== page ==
Yesterday I finally ticked a long-held ambition – riding the Snowdon Ranger Path. Not only that, but we did it there and back in a day, which turned the whole affair into quite a full-on mission.
Up at 5am, we made it to the Ranger Station car park sometime after 11am. The blazing sunshine blasting the rest of the country was not in evidence. Instead, mist and steady drizzle. On the basis of the reputation of the trail and the mountain scenery, I had packed a variety of devices including SLR (with enormous heavy lens), helmet cam, and small camera for handheld movies. Together with a plethora of spare tubes, tools, water and lunch, my rucksac was preposterously heavy. Eliminating all of 300 grammes by leaving the small camera behind, I shouldered the load, and we set off up the hill.
The initial hill is pretty steep, and it wasn’t long before we started pushing. The new Nomad had been on a bit of a pre-trip face-stuffing-fest, acquiring a tough but heavy Mavic 729 rear wheel, and dual ply Minions front and rear. As such, it didn’t exactly levitate up the steep slope. The drizzle had stabilised, and it was pretty warm, so it didn’t take long until we looked like a pair of drowned rats. The trail towards Llanberis forked left off the Ranger Path after half an hour or so, taking the form of a trampled grassy track up a vertiginous bank. Strong calf muscles required.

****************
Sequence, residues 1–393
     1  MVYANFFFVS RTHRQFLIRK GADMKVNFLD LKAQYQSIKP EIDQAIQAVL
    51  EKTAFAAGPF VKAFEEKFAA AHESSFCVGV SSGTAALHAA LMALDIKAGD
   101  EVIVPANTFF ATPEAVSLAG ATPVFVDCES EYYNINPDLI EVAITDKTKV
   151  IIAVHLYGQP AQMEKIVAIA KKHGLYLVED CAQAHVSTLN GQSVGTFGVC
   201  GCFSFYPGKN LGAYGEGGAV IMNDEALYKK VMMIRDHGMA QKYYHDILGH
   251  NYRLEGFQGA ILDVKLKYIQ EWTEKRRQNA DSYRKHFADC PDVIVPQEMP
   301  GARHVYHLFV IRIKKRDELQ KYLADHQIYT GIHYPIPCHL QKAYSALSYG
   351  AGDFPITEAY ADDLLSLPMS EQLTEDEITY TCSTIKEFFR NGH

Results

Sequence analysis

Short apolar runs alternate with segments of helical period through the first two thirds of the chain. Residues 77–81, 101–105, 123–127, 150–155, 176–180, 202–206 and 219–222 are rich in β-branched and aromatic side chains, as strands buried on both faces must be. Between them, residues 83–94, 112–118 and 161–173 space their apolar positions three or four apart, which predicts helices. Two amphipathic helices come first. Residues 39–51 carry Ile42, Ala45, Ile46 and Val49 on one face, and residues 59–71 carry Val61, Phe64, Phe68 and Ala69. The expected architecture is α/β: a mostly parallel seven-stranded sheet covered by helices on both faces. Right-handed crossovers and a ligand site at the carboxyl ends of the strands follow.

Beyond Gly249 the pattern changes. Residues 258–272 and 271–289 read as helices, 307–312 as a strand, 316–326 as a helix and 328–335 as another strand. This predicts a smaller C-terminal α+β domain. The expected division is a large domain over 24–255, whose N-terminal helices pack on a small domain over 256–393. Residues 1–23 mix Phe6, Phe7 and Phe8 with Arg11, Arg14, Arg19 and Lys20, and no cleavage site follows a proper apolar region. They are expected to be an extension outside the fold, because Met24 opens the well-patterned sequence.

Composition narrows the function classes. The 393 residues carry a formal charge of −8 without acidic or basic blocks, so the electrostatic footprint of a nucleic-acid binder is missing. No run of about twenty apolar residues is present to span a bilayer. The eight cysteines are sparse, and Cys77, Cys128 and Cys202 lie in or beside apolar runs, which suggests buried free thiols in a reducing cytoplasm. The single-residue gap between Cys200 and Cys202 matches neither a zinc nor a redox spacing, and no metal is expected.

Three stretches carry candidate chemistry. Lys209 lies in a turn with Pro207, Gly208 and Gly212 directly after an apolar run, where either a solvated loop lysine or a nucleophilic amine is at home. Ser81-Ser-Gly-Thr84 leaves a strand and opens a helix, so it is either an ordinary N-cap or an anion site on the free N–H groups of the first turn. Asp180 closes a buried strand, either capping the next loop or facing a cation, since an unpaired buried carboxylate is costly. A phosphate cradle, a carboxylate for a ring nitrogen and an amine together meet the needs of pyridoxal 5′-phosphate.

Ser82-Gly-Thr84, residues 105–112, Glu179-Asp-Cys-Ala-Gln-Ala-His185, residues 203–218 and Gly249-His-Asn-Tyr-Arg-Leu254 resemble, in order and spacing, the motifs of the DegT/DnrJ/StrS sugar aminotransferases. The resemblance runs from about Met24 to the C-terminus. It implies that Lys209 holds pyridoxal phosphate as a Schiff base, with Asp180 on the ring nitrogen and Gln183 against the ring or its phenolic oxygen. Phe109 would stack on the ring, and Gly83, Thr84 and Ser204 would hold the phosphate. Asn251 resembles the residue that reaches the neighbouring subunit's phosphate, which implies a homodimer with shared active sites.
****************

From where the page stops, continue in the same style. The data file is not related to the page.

The track finished at a notch east of Foel Goch, a bit over 300m vertical from where we had parked the car. I had prepared a decent picnic lunch, consisting of home-baked bagels, filled with smoked salmon and cream cheese, plus boiled eggs and carefully wrapped pickled onions. We tucked into our first helping, and admired the slightly less misty view clearing down the valley.
The decent from the notch down Telegraph Valley is long, fast, a bit loose, and punctuated with aggressively-designed stone drainage channels at regular intervals. I had taken the precaution of fitting heavy-duty rubber to my wheels to counter the threat of impact punctures, and the super tacky compound would hopefully grip the slick wet rock as well as anything. Well, it almost felt like I needn’t have bothered – the Nomad ploughed through or over every rough rocky section with serene composure. I had fitted the PUSH Industries Nomad linkage the day before, and hadn’t had time or opportunity to test it. Well, the result appeared to be as promised – very little change to the pedal-ability (when spinning anyway), but the already plush initial stroke had deepened through the travel, with a creamy, more linear sensation. The final part of the stroke is supposed to be even more of an effective mechanical preventer of bottom-out than the original linkage. Well, I had the Bottom-Out setting on the shock fully off, and didn’t feel the bike reach the end of the travel all day, so I think they’ve done a pretty amazing job.